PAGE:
June 4, 2015

The strange case of the “Interpreter of Maladies” movie and the missing $2 million



Coming soon to a shell corporation near you.

Acclaimed author Jhumpa Lahiri’s debut book, Interpreter Of Maladies, was an absolute barnstormer. A collection of short stories that often focused on the tension between Indian and American culture, it won both the Pulitzer and the PEN Award and sold millions of copies. With her subsequent books, Lahiri has continued to bolster her reputation as a novelist and short story writer of the highest order.

Her debut novel The Namesake was adapted in the US for the big screen in 2006, and released to positive reviews and a modestly good boxoffice take. And in India, Interpreter Of Maladies seemed destined for similar adaptation. Director Amitav Kaul had made Interpreter of Maladies his passion project since 2003 when he announced his intention to film the book. And despite the delay, in late 2014 it seemed like Kaul had made a breakthrough.

Finally, the film has taken the first crucial step forward towards completion — it has been shortlisted by National Film Development Corporation of India (NFDC) for their co-production market, Film Bazaar, to be held in Goa this November. “It started to come together last year during pre-production. We have since been working towards getting the right partners on board to finance the film,” said Kaul, adding, “The great thing about the co-production market is that it helps you find partners who share your vision.”

This must have been a real boost for creative morale, because only a month or so later, Kaul announced that he would in fact be adapting the book’s first three stories—”A Temporary Matter”, “When Mr Pirzada Came to Dine” and the title story—into a trilogy. It looks like all systems were go, and Kaul was even discussing his plans for his next feature once he finished shooting the planned trilogy.

But several months later, it appears that the production may have hit a snag—to the tune of $2 million, which was provided as financing and has now gone missing. Via the Hollywood Reporter:

Money originally intended for a movie adaptation of a Pulitzer Prize–winning book may or may not be off the east coast of Africa.  A film adaptation of Jhumpa Lahiri’s Pulitzer Prize–winning short-story collection, Interpreter of Maladies, is now at the center of an international hunt for missing funds. On Tuesday, a New York judge gave the film’s director a month to respond to a demand that $2 million be put in an escrow account.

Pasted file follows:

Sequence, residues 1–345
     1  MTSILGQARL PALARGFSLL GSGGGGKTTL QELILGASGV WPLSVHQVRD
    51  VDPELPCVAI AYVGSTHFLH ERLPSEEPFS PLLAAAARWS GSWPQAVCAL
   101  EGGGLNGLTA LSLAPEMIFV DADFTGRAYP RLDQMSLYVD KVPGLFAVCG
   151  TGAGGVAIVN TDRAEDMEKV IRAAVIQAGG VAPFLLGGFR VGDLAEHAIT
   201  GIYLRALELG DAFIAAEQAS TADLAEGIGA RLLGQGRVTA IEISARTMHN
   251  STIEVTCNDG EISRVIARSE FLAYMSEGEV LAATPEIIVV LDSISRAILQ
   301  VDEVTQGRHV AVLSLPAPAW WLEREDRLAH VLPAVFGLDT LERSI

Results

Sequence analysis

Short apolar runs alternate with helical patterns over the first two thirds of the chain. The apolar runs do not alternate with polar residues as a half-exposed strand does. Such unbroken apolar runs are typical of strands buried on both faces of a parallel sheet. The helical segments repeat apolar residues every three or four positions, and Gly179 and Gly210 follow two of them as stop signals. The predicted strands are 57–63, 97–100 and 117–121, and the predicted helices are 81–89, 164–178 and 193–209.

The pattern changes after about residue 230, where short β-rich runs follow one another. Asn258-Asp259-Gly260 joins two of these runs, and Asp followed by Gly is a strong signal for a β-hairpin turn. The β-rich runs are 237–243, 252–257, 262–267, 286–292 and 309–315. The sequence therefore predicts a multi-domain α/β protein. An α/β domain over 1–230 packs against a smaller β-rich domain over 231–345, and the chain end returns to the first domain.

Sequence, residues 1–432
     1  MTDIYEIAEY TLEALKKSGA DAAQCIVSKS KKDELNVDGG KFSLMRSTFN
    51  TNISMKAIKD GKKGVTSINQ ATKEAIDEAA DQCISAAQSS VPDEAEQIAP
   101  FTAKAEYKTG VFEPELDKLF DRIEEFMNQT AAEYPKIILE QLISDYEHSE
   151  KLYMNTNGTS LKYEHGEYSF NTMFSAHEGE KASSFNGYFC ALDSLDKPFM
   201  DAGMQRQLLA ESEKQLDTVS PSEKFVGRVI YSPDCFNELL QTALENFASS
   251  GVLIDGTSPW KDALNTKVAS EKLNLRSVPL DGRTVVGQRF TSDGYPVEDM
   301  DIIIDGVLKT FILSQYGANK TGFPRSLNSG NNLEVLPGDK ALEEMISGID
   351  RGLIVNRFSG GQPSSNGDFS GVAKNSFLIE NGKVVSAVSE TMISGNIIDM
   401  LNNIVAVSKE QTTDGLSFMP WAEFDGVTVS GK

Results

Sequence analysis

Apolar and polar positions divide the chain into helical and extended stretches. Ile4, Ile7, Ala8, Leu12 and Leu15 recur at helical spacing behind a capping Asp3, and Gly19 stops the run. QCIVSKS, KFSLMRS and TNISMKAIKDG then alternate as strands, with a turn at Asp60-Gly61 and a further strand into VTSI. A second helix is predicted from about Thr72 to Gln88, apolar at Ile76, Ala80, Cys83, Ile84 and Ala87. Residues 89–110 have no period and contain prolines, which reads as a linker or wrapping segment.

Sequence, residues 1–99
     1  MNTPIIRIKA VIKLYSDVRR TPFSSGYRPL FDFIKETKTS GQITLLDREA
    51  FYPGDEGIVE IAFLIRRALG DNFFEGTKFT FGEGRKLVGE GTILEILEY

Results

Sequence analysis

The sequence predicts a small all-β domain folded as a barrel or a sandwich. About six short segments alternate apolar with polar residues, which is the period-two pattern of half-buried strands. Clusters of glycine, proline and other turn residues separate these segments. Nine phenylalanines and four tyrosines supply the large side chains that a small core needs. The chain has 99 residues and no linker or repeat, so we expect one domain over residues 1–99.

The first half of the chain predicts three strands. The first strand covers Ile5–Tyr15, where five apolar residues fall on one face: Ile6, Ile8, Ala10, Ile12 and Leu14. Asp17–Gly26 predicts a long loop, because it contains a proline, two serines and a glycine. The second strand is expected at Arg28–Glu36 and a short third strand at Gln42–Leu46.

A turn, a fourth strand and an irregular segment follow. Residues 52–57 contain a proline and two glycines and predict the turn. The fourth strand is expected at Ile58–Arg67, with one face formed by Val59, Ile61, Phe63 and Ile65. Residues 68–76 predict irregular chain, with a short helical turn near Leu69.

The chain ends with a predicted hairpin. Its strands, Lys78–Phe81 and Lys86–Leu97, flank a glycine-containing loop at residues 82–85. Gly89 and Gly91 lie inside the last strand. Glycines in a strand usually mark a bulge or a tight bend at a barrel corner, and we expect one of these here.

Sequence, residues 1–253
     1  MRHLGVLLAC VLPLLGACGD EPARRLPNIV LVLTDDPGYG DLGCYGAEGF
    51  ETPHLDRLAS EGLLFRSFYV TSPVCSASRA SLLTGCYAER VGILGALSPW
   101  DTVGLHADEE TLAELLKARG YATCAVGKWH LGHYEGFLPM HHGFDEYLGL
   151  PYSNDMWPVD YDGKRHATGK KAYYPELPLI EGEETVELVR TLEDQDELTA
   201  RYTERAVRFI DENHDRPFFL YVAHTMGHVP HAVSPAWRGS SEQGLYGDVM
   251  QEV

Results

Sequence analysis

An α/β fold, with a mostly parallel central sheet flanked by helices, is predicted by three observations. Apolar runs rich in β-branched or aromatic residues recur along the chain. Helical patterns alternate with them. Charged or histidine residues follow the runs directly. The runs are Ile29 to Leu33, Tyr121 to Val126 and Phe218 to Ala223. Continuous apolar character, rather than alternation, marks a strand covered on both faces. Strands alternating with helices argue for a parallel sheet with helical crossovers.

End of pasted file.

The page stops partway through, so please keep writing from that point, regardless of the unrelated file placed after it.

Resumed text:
The missing millions allegedly were part of a shady financial scheme that sprung out of Kaul and his production company Interpreter Of Maladies (IOM) Film’s attempts to fund the movie. In order to meet his financing goal of $8 million, Kaul secured $2 million from Rubin Films which the company wired to him in October 2011. He then set out to secure the other $6 million.

Another investor named Omar Amanat made his own agreement for a $4 million investment in the film, but according to court documents, came to an arrangement with Kaul to have his money deposited into an account at a U.K.-based brokerage firm he owned. The other $2 million was to come through the sale of tax credits, and the entire $8 million was to be used to get a line of credit from City National Bank.

In July 2013, Rubin Films filed a claim in arbitration alleging that the conditions of the subscription agreement hadn’t been met. After Rubin wired its $2 million, IOM had difficulty with the bank and kept the money at Amanat’s firm. As Kaul had discussion with producers like Wendy Finerman (Forrest Gump) to shepherd and Ben Kingsley to star in Interpreter of Maladies, Rubin began getting antsy about his money kept overseas and the lack of a completion guarantee bond from an insurance company.

Rubin attempted to recover their investment and actually resorted to arbitration, which ruled in their favor. But by then, the money was gone, and Rubin accused Kaul of operating a multi-million dollar game of three-card monte using an East African island as his card table.

Rubin’s lawyer told a New York judge that the U.K.-based brokerage firm collapsed into insolvency. A German company that was to have issued a completion bond provided a clue about where the money might be located. This insurer said that IOM had an account statement from the London branch of a bank incorporated in the Comoros Islands, located off the east coast of Africa. But this bank’s lawyer disavowed any knowledge of such an account.

While the inclusion of Ben Kingsley and the accusations of financial shadiness reminds me of one of the finest Sopranos episodes, this sadly seems like less of a dark comedy and more of a tragedy. Kaul, in his defense, claims that if he has to return the money “It would be devastating. We would have to shut down the movie. I mean, our credibility would be totally shot.”

Granted, it feels like his credibility isn’t exactly sterling, but he makes a good point! There’s a history of literary film adaptations that languish in a half-finished state due to financial or logistical misfortune. Recall Terry Gilliam’s adaptation of Don Quixote, Orson Welles’ Moby Dick, Yuri Norshteyn’s The Overcoat, Orson Welles’ The Merchant Of Venice, Alejandro Jodorowsky’s Dune, Orson Welles’ Heart of Darknessand of course, Orson Welles’ House of Leaves.

So if Interpreter of Maladies joins that list, then let us all learn a lesson; if you’re spending $2 million dollars on anything book related, you better be damn sure you trust whoever’s in charge to deliver the goods.


Liam O’Brien is the Senior Sales & Marketing Manager at Melville House, and a former bookseller.